Similarly, if the reactor vessel is segmented or poorly agitated, contaminants may tend to collect at several locations, requiring a plurality of connection points where a side-stream can be drawn off and a skimming action effected to remove the contaminant.
If the vessel is so thoroughly agitated that the insoluble material is dispersed throughout the reaction mixture, then the location of one or more take-off points for the side streams may be determined for convenience, and generally a low point in the vessel is desirable.
In all cases the flow rate of the side stream will be sufficient to turn over the entire contents of the reaction vessel within a certain time. The rate of accumulation of the contaminant is directly proportional to the consumption of the solid urea, which is known to the designer, and the quantity of fluid in the reactor is also known. These parameters enable the designer to set a side stream flow rate that will control the contaminant concentration in the system. Preferably, the removal efficiency should be designed to exceed the contaminant formation and accumulation rate.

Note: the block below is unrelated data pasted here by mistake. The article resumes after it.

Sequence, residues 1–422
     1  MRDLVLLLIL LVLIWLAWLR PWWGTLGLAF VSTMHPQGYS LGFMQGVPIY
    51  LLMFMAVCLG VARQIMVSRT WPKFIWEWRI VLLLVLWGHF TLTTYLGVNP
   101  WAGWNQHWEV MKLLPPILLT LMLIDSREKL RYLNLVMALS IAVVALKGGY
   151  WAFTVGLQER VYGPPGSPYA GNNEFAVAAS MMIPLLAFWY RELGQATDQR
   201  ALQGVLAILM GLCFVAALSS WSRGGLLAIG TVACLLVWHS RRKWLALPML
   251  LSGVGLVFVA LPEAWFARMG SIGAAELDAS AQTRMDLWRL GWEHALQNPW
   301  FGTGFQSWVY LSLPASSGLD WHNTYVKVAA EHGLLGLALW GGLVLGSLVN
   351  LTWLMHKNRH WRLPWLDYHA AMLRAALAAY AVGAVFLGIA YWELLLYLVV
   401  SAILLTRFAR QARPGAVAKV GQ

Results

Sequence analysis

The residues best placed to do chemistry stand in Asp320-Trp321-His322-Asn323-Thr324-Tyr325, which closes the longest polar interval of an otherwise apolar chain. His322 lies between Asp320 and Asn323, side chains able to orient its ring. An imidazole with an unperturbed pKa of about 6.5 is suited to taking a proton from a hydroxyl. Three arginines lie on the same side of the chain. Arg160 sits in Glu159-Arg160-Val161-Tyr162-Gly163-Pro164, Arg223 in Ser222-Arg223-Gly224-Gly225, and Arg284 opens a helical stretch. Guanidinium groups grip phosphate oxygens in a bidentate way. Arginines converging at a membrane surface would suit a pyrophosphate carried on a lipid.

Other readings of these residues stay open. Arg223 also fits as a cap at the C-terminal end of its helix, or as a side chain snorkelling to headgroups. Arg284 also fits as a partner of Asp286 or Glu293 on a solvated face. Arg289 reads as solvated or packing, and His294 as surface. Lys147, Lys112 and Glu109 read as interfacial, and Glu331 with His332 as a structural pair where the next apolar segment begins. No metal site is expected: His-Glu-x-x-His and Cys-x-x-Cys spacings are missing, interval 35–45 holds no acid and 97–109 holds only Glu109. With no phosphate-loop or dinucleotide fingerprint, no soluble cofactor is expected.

In a second fundamental embodiment of the invention, a portion of the stream removed from the reactor is deliberately discarded and the volume of the discarded fluid is replaced by fresh reaction fluids, as shown in FIG. 7, enabling either continuous or intermittent removal of dissolved contaminants as well as removal of the insoluble contaminants, thereby providing means to control the maximum concentration all such contaminants may reach in the hydrolysis reactor. In this instance, the quantity of material to be discarded and the frequency of such discharge may be determined for the convenience of the operation. Generally, intermittent discharge of small quantities would require a certain frequency of such discharge to control the concentration in the reactor to a set maximum level. Larger quantities would require less frequent discharge. In one example of the method, a small portion of the side stream may be continuously discharged as a waste stream to maintain the contaminants at an acceptable equilibrium concentration. As with the embodiments depicted in FIGS. 5 and 6, the gaseous outlet from the physical separation means can be in communication with the reactor vessel, as shown in FIG. 7, or with the gaseous product conduit downstream of pressure control means, as shown in FIG. 8.
In an example of a preferred embodiment the process illustrated in FIG. 7, which provides means to remove insoluble contaminants and also dissolved contaminants, the devices of the process embodiment of FIG. 5 will include provision to discharge a portion of the side stream and to replace this material with fresh fluid reactants from a source of said make-up fluid. This accomplishes a “blow down” or step reduction of the contaminants and is the most direct means to control the build up of trace contaminants. The quantity of material removed and replaced is set by the needs of the system and very much depends on the consequences of the contaminant in the system.